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November 30, 2010 > Breastfeeding: Give Your Baby a Healthy Start

Breastfeeding: Give Your Baby a Healthy Start

Saturday Lactation Clinic Expands Breastfeeding Support

There are so many benefits to breastfeeding, both physical and emotional, for moms and babies. Breastfeeding provides vital bonding time with your baby. Breast milk is also considered "perfect nutrition" for your baby, according to the National Women's Health Information Center, part of the U.S. Department of Health and Human Service's Office of Women's Health. Additionally, breast milk is free, so you save money, and there are important health benefits for mom and baby.

But breastfeeding is not always as simple as maternal instinct. Sometimes a little instruction and support can go a long way to making sure both mom and baby are getting the most out of the experience with minimal frustration and anxiety.


Expanded lactation clinic hours

To help improve access to services for breastfeeding moms, Washington Hospital's Lactation Clinic-located at 2299 Mowry Avenue, Suite 2C, in Fremont-has expanded its hours to include a Saturday breastfeeding clinic from 1 to 5 p.m. The first hour of the clinic is open for drop-in clients with a baby of any age.

Group support for positioning and latch is still available on Tuesdays and Fridays at 11 a.m. with Wednesdays at 11 a.m. for the Beyond Newborn Clinic focusing on babies one month and older.

"There are different adjustments that need to be done as your baby gets older and often the criteria change," says Karen Smith, R.N., coordinator of the Maternal/Child Education Program at Washington Hospital.

Smith points out that while the Wednesday clinic focuses on babies a month and older, moms who come in for support during any of the clinic times are never turned away because their baby isn't in the right age group.

Private visits also may be scheduled during the expanded Saturday clinic hours, with the last appointment of the day available at 4 p.m.


Mastering the juggling act: back-to-work breastfeeding

For moms looking to go back to work, Smith highly recommends the Back to Work Breastfeeding class.

"Back to Work Breastfeeding is a comprehensive class about all the things you need to do when you go back to work," Smith says. "Oftentimes new moms will call and say, 'I'm going back to work in a week. Help!' There are so many things you have to take into consideration and it's more involved than just a phone call. It's nearly impossible to explain everything just over the phone, so waiting until the last second is not optimal. We encourage moms to prepare ahead of time-at least a month in advance-so that we can help them get off to a good start going back to work."

Smith finds that women many times try to go it alone and end up finding themselves in a bind once they've returned to work.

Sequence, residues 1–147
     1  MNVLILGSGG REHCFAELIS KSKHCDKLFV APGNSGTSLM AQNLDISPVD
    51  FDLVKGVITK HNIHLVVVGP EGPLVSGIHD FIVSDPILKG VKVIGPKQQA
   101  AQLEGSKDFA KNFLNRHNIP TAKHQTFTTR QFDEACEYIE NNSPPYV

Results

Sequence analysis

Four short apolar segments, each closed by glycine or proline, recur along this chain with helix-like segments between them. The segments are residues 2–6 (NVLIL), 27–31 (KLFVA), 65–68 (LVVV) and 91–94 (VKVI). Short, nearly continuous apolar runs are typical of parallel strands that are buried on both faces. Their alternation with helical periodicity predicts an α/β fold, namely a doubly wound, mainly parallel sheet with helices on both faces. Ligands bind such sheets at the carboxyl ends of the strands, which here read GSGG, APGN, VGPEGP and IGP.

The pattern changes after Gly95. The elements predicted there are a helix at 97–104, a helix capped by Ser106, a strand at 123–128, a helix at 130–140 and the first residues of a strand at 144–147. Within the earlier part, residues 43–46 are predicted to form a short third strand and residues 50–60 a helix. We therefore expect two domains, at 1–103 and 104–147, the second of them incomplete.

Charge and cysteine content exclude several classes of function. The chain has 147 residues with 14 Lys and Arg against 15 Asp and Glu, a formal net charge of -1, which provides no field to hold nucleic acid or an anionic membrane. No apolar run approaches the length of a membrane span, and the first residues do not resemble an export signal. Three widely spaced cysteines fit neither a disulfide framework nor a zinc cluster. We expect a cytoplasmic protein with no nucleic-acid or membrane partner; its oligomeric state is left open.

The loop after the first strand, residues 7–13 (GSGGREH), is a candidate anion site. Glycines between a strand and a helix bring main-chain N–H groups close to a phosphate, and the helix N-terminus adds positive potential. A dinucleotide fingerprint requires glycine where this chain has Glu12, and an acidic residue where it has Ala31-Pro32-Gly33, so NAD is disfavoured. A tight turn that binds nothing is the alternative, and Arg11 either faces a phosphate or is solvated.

"Sometimes new moms get their pump, but they don't call for help," she says. "Then they start pumping and their milk supply begins to dwindle. This is often when we get panicked phone calls. There are so many factors to consider, and taking the Back to Work Breastfeeding class can really decrease the amount of stress they feel because they're prepared.

"It's really important that you look ahead so that we can help you early on. The good news is that lactation support is available at an affordable cost to those who need it."

Notably, this time of year is particularly important for breastfeeding, according to Smith.

"Flu season is coming and it is really the most important time to breast feed, especially if you have a premature baby," she says. "These infants in particular need an extra boost of antibodies from mom's milk. When someone sneezes or coughs, you breathe that air and your body immediately starts making antibodies. Your baby gets that instant 'vaccination' through your breast milk."

This is particularly important if there is an older child or other relative in the home who gets ill, because breast milk will provided some degree of protection, potentially lessening the degree of illness if your infant does come down with the illness.

"Breastfeeding is really one of the best things you can do for you and your baby," Smith says. "Make sure to keep the clinic's number on hand and ask for help when you need it."


Lactation support when you need it

Washington Hospital's Breastfeeding Support program has a skilled staff of lactation educators and consultants who offer support to breast-feeding and back-to-work moms with low-cost private visits by appointment, classes, clinics and a free advice line.

For a private visit with the clinic's internationally board certified lactation consultants or to access the free advice line, call (510) 494-7013 (Monday through Friday).

For more information about Childbirth & Parenting class schedules, call (510) 791-3423.

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